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How Professional Bull Riders has helped pave way for return of live sports in United States

PBR chief executive Sean Gleason (Credit: Bull Stock Media)

  • PBR provides important test case after making Covid-19 comeback at event in rural Oklahoma
  • Around 15 sports organizations have been in contact for advice about their own live-action returns
  • Adapting preparation plans on an almost daily basis was biggest challenge, says CEO Sean Gleason

Professional Bull Riders’ successful return to competition in a small town in rural Oklahoma is poised to play a highly significant role in the resumption of live sports throughout the United States amid the Covid-19 pandemic.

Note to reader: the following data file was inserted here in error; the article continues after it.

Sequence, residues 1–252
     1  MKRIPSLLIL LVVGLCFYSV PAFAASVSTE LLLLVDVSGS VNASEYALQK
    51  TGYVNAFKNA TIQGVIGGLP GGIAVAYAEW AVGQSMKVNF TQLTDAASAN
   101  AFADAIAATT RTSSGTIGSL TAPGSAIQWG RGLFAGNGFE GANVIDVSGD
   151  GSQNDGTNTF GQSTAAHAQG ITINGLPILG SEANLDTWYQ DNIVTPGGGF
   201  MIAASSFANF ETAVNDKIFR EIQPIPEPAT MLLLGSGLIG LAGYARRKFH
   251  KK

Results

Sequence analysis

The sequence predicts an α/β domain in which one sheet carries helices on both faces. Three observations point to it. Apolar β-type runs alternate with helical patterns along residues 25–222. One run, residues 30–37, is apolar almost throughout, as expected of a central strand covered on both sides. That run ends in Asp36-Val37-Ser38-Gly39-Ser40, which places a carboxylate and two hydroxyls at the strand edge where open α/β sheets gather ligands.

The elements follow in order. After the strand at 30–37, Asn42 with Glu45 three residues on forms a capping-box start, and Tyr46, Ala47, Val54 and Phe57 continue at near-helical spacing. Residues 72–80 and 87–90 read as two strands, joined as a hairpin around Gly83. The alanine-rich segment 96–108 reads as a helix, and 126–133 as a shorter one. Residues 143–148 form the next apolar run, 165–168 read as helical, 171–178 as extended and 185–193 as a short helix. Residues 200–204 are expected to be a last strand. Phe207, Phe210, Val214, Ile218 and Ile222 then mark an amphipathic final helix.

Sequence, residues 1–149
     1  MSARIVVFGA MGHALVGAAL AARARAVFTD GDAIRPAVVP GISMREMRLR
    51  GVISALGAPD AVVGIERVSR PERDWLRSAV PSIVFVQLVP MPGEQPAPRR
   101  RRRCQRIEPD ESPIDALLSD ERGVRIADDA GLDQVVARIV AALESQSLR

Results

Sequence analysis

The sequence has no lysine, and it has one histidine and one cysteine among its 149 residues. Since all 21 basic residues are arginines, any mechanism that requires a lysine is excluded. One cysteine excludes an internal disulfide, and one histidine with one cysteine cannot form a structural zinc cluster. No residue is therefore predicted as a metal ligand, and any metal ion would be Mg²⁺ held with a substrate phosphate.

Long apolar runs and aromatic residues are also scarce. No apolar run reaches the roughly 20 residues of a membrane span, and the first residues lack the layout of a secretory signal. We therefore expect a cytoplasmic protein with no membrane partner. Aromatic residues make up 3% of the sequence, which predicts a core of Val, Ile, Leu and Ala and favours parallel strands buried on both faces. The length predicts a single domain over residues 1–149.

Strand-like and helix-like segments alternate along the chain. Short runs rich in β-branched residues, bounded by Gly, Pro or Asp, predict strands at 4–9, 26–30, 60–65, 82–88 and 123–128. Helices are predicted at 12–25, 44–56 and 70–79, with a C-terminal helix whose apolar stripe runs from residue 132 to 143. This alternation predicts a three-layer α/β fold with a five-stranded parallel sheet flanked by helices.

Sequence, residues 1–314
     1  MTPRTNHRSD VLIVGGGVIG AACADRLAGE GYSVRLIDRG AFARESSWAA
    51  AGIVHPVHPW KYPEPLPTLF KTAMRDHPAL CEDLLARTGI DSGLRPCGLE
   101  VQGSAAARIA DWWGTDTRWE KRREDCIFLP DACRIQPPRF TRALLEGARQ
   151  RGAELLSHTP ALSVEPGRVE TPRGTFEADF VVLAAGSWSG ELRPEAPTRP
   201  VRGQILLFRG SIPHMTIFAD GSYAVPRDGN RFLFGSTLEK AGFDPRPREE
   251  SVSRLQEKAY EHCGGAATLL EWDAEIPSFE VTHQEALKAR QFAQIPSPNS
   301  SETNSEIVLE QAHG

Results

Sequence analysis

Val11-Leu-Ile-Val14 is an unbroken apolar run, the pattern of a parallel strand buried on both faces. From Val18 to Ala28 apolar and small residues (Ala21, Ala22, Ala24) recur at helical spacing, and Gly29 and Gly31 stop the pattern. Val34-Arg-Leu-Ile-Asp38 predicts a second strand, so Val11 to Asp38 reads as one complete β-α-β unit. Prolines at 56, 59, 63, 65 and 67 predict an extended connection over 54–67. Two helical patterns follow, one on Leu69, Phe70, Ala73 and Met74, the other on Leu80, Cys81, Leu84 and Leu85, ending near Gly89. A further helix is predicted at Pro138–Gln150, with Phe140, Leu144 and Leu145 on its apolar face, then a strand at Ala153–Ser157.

The bull-riding circuit became one of the first professional sports organizations in the US to make a comeback during the ongoing health crisis when it staged an Unleash the Beast event that was originally scheduled for Las Vegas at the Lazy E Arena in Guthrie, Oklahoma, on April 25-26.

With the Ultimate Fighting Championship – which is part of the Endeavor portfolio of holdings along with PBR – scheduling a return in Florida on May 9 and Nascar planning its comeback in South Carolina on May 17, many eyes were on the Lazy E Arena to see exactly how a major sports competition without fans in attendance would look and feel during the coronavirus crisis.